The 100th years of changing lives began in 2010 for 3 years celebration globally. We celebrated differently in the Cook Islands with our sub- theme “ Celebration in Education.” This involved conducting a little birthday commemoration with a cake in selected Primary Schools on Rarotonga every 10th day of each month from January to December 2010.

This year 2011 we will provide once a month a community action service to a partnership NGO on the island to support the theme “Year of Volunteering.” Our sub-theme is called “100 Steps of Growing.”



The administration work for the organization is managed by the National Executive which consists of the President, Secretary, Programme Co-ordinator, Treasurer and the Commissioner. The President is the Chairperson of all National Council Meetings and National Executive Meetings. In her absence the Commissioner conducts the meeting. If both are absent the meeting has the right to elect an Executive person to conduct the meeting. All businesses need the endorsement of the National Council.



  • Pepe Auro (Golden Butterfly), 3-5 yrs
  • Brownie Pack, 6-11 yrs
  • Guide Company, 12-15 yrs
  • Ranger Unit, 16-19 yrs
  • Young leaders, 18 – 35 yrs
  • Guiders, 20 yrs +
  • Committees, 20 yrs +
  • National Executive, 20 yrs +

Supporters are parents of the girls, or any interested person/s in the community or church.



The National Council holds 4 meetings annually as stated in our Constitution – on the 1st Thursday of each month in February, May, August and November. Our constitution was reviewed and registered with the Ministry of Justice on the 21st December 2009. The National Executive holds its monthly meetings in March, April, June, July, September, October on every 1st Thursday. All meetings are conducted in the Rev. John Williams Conference Room, CICC Head Office, Takamoa, Rarotonga. Representatives conduct their own meetings with members to look at the needs in each company on Rarotonga and in the outer islands.

Weekly meetings – it is compulsory for all guide units in the CICC to hold their weekly training program with their members every Monday except during public holidays. Meetings are run from February to November. The Catholic guide units sometimes follow the Monday schedule, or after their Sunday evening service for some.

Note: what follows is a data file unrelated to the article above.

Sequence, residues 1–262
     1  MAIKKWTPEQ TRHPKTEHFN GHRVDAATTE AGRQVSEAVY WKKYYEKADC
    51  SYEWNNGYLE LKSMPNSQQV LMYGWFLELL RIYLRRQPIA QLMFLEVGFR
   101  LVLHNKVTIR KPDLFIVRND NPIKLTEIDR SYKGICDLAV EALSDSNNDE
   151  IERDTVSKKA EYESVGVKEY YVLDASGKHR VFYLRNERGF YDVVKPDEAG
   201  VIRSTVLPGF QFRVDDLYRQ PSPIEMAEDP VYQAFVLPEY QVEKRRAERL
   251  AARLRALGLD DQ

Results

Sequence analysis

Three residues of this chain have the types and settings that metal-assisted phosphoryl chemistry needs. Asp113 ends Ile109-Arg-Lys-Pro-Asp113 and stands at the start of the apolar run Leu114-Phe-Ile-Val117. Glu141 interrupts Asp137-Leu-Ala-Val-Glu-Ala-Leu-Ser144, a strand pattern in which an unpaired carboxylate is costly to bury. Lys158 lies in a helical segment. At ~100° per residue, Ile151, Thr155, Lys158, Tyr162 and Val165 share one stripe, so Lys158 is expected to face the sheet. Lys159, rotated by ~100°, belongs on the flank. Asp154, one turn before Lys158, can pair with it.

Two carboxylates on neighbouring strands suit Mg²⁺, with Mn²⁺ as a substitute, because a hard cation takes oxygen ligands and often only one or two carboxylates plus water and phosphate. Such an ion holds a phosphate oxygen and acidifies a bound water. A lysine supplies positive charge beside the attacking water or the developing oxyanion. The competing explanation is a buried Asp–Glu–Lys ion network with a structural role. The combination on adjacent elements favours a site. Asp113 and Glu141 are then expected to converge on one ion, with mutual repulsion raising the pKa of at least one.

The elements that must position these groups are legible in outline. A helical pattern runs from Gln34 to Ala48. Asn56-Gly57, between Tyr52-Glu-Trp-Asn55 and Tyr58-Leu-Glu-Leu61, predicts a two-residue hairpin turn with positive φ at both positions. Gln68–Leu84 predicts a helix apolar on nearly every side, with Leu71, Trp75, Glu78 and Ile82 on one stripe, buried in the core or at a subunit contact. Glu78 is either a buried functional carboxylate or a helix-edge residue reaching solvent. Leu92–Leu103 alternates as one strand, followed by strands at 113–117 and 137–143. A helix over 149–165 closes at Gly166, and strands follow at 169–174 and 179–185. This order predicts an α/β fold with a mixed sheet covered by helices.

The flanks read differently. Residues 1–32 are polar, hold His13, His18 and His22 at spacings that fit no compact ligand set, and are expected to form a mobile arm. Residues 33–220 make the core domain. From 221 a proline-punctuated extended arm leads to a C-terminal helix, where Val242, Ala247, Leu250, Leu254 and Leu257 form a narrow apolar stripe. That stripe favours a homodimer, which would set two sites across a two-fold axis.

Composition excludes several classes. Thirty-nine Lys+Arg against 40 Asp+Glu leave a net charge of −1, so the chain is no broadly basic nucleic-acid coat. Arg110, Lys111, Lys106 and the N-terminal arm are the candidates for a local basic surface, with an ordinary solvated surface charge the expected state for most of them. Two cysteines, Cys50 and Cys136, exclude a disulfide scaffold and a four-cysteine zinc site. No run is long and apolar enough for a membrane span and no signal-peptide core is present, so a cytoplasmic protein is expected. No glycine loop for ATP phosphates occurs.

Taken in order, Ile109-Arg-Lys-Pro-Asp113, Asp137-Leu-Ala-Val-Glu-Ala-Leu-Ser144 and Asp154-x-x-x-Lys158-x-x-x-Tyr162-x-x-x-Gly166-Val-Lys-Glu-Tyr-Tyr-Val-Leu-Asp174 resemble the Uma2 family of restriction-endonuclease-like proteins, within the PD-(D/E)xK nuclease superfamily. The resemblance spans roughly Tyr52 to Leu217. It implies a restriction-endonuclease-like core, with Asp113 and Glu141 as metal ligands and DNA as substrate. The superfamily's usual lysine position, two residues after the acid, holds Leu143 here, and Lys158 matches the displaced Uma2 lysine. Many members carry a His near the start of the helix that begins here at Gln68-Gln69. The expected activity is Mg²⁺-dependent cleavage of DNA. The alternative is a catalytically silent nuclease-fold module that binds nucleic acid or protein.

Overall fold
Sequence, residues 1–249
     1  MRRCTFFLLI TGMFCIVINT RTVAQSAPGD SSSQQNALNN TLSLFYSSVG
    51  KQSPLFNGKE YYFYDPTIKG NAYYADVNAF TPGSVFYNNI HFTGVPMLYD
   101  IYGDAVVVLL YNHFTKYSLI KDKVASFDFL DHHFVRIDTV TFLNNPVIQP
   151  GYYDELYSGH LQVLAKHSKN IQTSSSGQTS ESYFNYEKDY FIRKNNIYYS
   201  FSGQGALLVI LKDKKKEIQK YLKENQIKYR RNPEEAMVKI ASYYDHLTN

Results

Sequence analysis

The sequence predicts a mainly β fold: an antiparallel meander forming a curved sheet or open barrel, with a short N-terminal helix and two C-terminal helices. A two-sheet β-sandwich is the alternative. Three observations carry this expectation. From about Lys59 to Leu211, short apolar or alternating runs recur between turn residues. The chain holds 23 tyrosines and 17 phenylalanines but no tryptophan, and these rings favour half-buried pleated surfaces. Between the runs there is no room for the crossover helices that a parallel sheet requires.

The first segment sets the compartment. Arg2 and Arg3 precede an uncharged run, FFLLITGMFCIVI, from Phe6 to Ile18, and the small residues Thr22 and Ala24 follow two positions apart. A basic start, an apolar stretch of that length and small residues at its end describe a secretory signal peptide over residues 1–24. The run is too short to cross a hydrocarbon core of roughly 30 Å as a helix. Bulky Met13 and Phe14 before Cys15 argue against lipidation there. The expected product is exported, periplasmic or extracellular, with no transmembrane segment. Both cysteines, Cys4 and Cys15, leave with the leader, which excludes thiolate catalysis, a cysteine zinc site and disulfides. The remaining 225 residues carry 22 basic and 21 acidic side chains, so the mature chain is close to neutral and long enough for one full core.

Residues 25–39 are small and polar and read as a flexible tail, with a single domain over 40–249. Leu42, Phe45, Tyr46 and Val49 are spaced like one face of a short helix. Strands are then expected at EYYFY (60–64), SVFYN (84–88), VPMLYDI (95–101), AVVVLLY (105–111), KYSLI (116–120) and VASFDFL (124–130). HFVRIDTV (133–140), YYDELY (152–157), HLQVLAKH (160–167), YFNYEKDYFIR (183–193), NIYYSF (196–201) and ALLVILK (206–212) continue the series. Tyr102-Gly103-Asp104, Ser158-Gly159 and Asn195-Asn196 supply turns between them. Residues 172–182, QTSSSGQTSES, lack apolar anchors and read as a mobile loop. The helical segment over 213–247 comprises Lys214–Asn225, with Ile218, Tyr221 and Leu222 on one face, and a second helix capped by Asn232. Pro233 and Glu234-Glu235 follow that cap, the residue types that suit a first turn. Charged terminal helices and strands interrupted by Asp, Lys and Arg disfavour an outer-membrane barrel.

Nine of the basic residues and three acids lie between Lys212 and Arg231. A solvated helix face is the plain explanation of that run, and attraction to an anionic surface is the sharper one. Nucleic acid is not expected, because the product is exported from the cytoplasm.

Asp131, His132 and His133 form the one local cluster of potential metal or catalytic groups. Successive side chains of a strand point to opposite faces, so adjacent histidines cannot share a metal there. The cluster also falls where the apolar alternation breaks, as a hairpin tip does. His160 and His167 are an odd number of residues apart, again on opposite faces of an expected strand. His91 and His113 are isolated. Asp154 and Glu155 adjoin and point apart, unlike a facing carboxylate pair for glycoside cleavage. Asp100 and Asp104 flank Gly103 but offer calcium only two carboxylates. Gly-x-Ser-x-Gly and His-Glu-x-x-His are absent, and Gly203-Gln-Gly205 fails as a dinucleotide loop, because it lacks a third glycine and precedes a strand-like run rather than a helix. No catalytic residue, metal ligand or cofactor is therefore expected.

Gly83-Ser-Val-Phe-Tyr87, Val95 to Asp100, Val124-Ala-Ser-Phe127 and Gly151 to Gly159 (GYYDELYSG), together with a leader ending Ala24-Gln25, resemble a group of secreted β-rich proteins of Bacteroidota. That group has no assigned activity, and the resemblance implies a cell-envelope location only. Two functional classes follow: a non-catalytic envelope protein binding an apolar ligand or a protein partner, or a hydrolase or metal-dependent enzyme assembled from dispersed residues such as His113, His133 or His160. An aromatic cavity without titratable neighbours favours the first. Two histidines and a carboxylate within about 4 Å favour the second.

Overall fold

National Events are as follows:
Opening Combined Church Parade, 2nd Sunday of February
World Thinking Day, February 22nd
ANZAC Day, April 25th
Constitution Day, August 4th
Cook Islands Day, October 15th
Closing Combined Church Parade, 2nd Sunday of November
Other events – Girls Brigade Week, Boys Brigade Week, Funeral Service, NGO Functions, State & Government Events or by invite

Note: national girl guide events are shared among the girl guide companies on Rarotonga to host with the approval of the National Council on their planned and organized program.

Regional Events:
Asia Pacific Region Conference are held every 3 years as elected by the AP for the next venue
Pacific Meeting annually since 2009 as elected by the members for the next venue
Training Workshops are held every 2 years as elected by the AP Committees

International Events:
Commissioners Conference is held every 3 years in conjunction with the World Conference to any elected Member Organization around the world.



The guiding movement is a church-based organization which was first established in the Cook Islands Christian Church in Avarua and later branched to other Cook Islands Christian churches on Rarotonga and all the other islands. Guiding also introduced in the Catholic Parishes on Rarotonga and in the outer islands. All guiding units are administered by one National Council body. They also work together with their own churches, either CICC or Catholic.

In the CICC, the organization holds a combined church parade at the beginning and the ending of the year as stated above. However every other month, on the 2nd Sunday it is compulsory for each unit to hold its own church parade in their churches with other uniform organizations like the Boys Brigade and Girls Brigade. In the Catholic parishes, their church parade varies – some hold theirs on the 1st Sunday of each month whilst others have theirs on the last Sunday of each month, together with their brother Scouts.

The National Council has a Patroness, a position which automatically goes to the Queen’s Representative’s wife. This is an honorary position, and there are 4 other such positions:

  • National Youth Director in the Cook Islands Christian Church
  • National Youth Director in the Cook Islands Catholic Parish
  • National Youth Director in the Ministry of Internal Affairs
  • The Scout Association President

Appointed positions are as follows:

  • Legal Adviser
  • Auditor

Representatives from each of the outer islands:

  • Aitutaki Island
  • Atiu Island
  • Mangaia Island
  • Mauke Island
  • Mitiaro Island
  • Penrhyn Island
  • Pukapuka Island
  • Manihiki Island
  • Rakahanga Island
  • Palmerston Island
  • Nassau Island
  • Rarotonga Island, 2 delegates from each of the 7 Guide Companies
  • Life Member – one or two members
  • Young Leader – one or two members
  • Observers – all guide leaders from all companies and other NGO representatives by invite